Anyway, do you want to know what's funny about your concerns with encountering negative numbers? It doesn't matter! Java biginteger uses signed integers, and so even if you run into negative numbers, the squaring operation in the next iteration will still give you correct value! Try it.

One thing that bugs me though. You said that S.multiply(S).mod(M_p).subtract(2).mod(M_p) benchmarked a little bit faster than S.multiply(S).mod(M_p).subtract(2). Since the former does strictly more operations than the latter, I have to assume that perhaps your benchmarking is somehow flawed. Maybe they're close enough that you're measuring statistical variation, but I can't believe that the first one can ever be faster than the second.

 kuratkull 2020-03-18 13:41

Doing some back-of-the-napkin math here, which might not be correct - I am not a mathematician, but a software engineer.
We have N=2^n-1. Let's assume n "tries" to get 1 as a result of the mod operation.
The result can be 0..N.. So every single try has 1/N chance of being 1. (I am leaving out the fact that the result first has to reach N)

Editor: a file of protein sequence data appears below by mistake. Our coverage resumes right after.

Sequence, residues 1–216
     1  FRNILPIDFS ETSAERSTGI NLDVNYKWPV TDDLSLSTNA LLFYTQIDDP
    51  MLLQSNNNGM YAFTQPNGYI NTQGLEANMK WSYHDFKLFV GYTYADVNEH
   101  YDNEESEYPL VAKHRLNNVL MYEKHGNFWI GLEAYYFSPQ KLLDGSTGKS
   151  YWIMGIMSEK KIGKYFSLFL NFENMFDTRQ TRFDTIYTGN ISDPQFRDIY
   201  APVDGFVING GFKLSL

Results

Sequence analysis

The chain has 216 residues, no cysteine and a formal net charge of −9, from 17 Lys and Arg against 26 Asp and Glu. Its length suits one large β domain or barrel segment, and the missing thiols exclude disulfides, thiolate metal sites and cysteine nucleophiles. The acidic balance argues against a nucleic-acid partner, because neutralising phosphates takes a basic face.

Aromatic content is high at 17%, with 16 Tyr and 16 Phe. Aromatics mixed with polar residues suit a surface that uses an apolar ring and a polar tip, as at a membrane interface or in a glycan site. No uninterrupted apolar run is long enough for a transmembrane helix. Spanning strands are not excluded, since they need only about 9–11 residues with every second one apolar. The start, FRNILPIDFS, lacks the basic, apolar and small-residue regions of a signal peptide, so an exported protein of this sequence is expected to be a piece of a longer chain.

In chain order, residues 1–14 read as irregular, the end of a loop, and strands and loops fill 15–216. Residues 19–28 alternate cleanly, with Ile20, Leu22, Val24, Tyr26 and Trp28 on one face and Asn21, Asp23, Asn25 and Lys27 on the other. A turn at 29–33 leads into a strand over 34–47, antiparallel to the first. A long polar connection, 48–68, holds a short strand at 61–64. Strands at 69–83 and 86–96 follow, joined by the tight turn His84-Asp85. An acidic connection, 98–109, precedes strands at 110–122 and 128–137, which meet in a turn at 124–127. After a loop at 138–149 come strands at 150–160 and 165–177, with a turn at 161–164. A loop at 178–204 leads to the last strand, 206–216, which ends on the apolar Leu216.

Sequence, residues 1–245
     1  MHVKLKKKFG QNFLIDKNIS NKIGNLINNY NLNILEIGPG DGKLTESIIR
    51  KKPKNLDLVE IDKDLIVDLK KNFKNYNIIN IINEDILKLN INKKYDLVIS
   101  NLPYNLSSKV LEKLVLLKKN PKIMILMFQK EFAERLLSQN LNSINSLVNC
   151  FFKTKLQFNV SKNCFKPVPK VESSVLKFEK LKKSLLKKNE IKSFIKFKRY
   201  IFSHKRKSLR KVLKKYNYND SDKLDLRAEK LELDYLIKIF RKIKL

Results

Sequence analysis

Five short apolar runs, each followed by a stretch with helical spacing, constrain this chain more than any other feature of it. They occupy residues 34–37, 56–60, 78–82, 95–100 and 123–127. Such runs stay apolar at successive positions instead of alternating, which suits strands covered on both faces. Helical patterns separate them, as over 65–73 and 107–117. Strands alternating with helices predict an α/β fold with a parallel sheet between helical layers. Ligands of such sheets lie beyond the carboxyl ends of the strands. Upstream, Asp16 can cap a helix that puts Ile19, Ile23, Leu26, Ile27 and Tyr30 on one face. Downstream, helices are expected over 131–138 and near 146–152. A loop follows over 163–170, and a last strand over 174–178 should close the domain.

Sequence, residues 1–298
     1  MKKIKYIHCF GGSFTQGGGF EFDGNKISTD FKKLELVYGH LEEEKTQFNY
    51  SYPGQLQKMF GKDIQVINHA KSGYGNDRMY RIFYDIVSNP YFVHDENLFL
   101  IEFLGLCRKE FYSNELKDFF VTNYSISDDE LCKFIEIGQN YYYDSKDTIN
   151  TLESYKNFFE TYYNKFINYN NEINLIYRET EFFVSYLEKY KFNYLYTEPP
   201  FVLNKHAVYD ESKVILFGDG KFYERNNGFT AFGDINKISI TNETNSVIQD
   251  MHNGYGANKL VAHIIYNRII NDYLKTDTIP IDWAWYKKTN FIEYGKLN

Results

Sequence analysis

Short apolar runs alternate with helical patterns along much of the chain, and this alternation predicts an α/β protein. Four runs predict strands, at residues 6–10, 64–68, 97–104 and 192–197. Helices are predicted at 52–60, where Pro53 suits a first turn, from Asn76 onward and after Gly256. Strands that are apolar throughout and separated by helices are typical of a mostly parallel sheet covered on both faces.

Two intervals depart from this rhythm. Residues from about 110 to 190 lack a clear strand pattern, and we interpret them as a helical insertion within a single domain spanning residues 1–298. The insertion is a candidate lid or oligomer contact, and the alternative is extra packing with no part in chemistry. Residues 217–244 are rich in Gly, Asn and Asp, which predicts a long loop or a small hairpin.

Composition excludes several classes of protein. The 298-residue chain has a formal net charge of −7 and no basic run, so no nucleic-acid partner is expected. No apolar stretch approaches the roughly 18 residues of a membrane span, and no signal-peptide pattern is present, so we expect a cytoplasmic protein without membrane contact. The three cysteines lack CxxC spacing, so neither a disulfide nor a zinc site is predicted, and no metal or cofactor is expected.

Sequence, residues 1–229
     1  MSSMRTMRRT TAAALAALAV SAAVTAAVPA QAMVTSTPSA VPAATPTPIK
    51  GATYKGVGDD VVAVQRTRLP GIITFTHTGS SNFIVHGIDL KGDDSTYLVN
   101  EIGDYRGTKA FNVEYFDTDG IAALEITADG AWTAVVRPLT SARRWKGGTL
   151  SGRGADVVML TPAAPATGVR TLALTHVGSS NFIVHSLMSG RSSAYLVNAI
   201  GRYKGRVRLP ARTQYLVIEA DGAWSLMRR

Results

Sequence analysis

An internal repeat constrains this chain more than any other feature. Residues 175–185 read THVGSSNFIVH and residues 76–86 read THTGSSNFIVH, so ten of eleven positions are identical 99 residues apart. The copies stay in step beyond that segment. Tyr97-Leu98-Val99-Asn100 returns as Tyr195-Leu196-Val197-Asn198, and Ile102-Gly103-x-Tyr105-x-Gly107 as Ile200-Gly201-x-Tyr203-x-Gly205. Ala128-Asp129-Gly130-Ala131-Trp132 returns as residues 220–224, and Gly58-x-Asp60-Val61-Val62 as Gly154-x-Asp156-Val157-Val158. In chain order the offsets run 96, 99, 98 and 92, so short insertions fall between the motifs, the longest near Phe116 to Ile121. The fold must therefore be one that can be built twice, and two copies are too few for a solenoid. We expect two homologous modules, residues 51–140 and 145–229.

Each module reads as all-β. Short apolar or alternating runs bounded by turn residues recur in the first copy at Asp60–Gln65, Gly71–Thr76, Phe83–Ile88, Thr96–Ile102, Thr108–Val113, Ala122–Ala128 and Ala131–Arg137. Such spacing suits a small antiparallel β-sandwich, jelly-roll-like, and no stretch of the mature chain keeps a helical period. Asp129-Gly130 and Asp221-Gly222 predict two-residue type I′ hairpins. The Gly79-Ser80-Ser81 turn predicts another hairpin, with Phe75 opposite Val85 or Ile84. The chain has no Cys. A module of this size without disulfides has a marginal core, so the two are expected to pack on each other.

So the chance of a candidate becoming 1 is roughly: 1/(2^n)*n
This chance becomes miniscule very quickly, eg. n=64 is circa 10^-18. n=128 is circa 10^-37
So it's practically impossible to hit that condition. Am I right?

 BrainStone 2020-03-18 14:12

[QUOTE=axn;540038]So you got criticized. Doesn't mean you or your ideas are unwelcome. But doesn't mean your ideas get a free pass either. You are free to choose which criticisms you take to heart and which you ignore.[/QUOTE]

We're well past critizism. We're at the point that I quite frankly feel ridiculed. And most of the thread has been critizism of futile points and things not related to the question.
There's a saying that if you don't have anything nice or constructive to say, don't say anything. And critizing me for using an inefficient (in the grand scheme of things) method of doing things when absolute efficiency isn't a concern of mine is not constructive. And said point has been repeated numerous times already.